I have two members of my family—the important ones—who are turning 65 this year. And in addition to figuring out an appropriate gift to mark the occasion (I settled on Amazon.com gift certificates, as my parental units have appreciated that in the past), the momentous occasion is also an opportunity to see this new wave of Boomer retirees in action. And the issues they are going to face, unique to their generation.
My parents’ situation is a little different as they are retirees living in Canada, where—as I discovered on a visit to my homeland last weekend—the situation is still a little different than it is here in the United States, for both retirees and those still working away.
Thanks to a stronger banking system (with actual regulations, and such), the subprime meltdown never happened, and the Canadian economy—admittedly, generated by a total population about the same as California—was not impacted, though the global shakedown is starting to have its after-effects.
Canadians still enjoy significant pensions, especially the Boomers, and even some younger friends of mine boasted about their own pensions and well-established RRSP accounts, the Canadian equivalent of the embattled 401(k). The Canada Pension Plan still seems well funded and operative, with less of the hand wringing we all experience when thinking about Social Security here, and its future.
My parents actually retired nearly a decade ago and have been enjoying the pension benefits, though 65 means an end to their employer-sponsored health care benefits, which have supplemented the basics of the comprehensive and still controversial Canadian health care system.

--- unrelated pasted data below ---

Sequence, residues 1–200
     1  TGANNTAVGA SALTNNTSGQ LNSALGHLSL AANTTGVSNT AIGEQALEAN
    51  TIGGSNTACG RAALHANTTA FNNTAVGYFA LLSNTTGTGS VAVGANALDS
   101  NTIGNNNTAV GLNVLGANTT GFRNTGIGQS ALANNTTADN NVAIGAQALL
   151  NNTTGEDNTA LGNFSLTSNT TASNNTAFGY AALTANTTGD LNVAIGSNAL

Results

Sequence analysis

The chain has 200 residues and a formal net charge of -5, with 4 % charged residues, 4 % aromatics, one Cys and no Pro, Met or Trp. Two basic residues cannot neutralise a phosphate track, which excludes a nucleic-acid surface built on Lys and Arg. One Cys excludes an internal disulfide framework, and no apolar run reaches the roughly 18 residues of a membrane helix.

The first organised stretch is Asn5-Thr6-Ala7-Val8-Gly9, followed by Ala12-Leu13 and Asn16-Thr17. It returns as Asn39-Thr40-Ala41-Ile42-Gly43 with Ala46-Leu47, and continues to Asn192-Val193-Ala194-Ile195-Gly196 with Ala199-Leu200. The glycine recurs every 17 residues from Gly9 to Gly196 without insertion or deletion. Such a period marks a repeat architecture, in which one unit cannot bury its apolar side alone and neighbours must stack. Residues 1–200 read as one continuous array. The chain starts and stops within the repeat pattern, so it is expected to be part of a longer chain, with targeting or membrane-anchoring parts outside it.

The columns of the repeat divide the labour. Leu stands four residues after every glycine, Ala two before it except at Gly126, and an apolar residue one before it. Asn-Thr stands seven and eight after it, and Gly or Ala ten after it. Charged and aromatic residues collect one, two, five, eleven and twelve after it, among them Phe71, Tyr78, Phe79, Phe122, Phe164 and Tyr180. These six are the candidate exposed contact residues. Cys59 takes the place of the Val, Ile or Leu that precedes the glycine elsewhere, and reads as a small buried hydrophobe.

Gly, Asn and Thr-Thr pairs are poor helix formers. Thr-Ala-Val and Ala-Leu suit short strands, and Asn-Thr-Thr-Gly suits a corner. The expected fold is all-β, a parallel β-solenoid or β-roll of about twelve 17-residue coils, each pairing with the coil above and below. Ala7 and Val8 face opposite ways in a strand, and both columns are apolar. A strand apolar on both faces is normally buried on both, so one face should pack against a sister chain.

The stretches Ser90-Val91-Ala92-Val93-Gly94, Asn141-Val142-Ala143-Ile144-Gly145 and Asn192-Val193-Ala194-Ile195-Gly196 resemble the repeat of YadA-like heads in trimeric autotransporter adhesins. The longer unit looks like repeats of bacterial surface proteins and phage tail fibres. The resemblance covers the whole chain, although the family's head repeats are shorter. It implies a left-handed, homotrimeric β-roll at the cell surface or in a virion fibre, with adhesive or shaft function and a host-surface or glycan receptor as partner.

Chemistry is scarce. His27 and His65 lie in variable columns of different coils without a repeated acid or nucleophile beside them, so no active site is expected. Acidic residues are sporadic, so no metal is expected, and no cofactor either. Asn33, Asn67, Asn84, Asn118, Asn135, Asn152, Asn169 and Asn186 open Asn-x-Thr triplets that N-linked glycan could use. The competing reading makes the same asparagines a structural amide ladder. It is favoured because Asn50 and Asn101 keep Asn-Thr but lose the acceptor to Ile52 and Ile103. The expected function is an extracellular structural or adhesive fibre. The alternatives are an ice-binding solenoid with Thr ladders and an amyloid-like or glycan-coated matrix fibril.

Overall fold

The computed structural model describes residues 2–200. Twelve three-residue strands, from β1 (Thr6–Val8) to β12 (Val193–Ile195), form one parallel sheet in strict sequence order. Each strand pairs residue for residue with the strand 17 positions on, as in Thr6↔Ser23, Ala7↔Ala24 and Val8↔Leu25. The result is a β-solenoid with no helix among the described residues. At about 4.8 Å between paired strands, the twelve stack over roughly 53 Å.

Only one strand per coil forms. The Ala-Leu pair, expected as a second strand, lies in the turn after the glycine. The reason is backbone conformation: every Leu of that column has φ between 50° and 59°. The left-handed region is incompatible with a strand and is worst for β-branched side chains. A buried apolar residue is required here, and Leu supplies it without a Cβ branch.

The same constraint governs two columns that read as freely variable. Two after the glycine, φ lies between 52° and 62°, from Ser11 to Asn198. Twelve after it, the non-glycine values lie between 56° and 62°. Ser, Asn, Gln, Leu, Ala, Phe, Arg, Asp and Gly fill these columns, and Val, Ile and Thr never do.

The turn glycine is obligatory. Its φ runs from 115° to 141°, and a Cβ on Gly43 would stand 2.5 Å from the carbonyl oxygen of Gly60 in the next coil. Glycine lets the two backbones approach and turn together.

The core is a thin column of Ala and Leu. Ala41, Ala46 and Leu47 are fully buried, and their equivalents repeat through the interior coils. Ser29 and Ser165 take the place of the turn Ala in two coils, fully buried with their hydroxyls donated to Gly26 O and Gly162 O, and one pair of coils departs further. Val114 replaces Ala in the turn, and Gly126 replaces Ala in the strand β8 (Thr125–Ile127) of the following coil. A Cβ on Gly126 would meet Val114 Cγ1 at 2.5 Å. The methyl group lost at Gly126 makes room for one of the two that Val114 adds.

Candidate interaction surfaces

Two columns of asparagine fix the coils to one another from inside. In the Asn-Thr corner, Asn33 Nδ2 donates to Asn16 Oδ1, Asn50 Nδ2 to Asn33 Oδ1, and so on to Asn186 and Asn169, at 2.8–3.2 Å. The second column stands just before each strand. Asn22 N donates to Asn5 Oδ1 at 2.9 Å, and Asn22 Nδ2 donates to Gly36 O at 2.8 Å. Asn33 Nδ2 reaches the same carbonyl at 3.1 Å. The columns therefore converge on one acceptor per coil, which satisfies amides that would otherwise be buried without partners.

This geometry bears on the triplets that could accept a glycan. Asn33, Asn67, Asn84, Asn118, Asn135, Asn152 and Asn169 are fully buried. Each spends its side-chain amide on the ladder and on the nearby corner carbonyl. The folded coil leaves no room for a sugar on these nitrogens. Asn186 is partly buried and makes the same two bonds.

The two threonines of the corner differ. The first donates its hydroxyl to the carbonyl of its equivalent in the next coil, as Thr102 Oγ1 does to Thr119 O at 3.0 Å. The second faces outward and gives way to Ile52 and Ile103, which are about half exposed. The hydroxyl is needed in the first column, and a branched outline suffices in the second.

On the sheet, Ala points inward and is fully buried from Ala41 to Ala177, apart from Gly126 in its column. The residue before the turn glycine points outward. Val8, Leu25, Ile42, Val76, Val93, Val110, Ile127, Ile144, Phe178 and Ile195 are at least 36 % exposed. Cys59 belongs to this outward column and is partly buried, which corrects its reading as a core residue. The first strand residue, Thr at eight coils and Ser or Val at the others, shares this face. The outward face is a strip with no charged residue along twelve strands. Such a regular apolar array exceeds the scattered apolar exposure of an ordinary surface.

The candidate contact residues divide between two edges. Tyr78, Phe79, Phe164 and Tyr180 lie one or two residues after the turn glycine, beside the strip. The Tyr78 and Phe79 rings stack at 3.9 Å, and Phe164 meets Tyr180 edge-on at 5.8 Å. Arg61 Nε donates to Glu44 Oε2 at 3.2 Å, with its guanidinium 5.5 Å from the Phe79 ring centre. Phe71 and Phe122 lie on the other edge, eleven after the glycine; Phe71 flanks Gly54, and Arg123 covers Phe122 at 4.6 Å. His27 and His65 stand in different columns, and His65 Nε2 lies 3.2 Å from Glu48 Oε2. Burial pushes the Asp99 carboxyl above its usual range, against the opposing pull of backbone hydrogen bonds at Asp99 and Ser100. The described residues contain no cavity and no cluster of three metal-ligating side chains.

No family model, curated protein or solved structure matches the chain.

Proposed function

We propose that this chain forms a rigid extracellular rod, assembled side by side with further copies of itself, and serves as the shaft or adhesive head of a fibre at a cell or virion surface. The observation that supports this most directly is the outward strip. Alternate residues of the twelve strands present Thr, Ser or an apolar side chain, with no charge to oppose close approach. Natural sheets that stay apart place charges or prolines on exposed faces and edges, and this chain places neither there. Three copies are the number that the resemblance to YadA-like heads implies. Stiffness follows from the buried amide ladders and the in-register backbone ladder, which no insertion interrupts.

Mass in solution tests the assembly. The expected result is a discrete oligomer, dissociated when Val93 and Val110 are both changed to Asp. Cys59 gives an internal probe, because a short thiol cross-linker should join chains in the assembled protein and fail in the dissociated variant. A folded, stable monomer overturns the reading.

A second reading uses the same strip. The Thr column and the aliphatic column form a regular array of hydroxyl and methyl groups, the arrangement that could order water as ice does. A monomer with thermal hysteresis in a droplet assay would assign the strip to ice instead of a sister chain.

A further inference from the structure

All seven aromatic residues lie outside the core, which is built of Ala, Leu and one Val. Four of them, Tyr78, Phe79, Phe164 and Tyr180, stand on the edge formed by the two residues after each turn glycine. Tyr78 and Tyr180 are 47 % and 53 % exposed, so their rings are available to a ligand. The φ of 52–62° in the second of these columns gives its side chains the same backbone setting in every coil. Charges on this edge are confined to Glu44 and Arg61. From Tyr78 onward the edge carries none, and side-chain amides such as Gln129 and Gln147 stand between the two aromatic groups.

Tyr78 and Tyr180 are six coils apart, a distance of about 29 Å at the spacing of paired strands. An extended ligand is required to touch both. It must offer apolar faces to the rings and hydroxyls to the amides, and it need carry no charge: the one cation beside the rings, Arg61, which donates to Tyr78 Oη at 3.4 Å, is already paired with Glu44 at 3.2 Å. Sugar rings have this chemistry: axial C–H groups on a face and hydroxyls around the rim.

Learn a little bit more about the Canadian system and you will find that everything you’ve heard is true, and is also absolutely untrue. The waiting lists for even basic procedures you’d have taken care of within the week in the United States (if fully and privately insured) are indeed true.
Universal health care is an accepted socialist dream—fueled by ridiculously high taxes ($6 a gallon premium gasoline in British Columbia, for instance)—but the reality of access is another issue entirely, especially in those many remote communities.
And not paying directly for your health care also impacts the users’ psyche, as every commentator on Fox News was clear to note during the early days of the ongoing American health care reform debate.
Up until this year, my family paid prescription “copays” of one or two symbolic dollars per refill, which is set to change as they’ve hit 65. We are not sure if the asthma medications we share in common will now be closer to their $400 a month no-insurance, retail cost. Their doctors’ visits also remain free, but long waits are, again, the norm.
It’s far from the amiable utopia health care reformers spelled out, but it ain’t that bad for Canadians, either—especially the pensions part. And I doubt things are quite as carefree and rosy for the many 65-year-old Americans who simply trusted that their largely non-existent company pensions, their 401(k)s and Social Security would see them easily glide into a comfortable retirement.
As for me, I straddle the two worlds, having lived in the United States for a decade and a half and having been paying into the Social Security system, but fully aware that those “entitlements” the Right keeps ranting about will be long gone when I age. I just checked the statement for my 401(k) and it lost more than 10 percent of its full value in the last three months.
I’m fully suspecting to be living in my parents’ basement in Canada in my 70s. We all need something to reach for, right?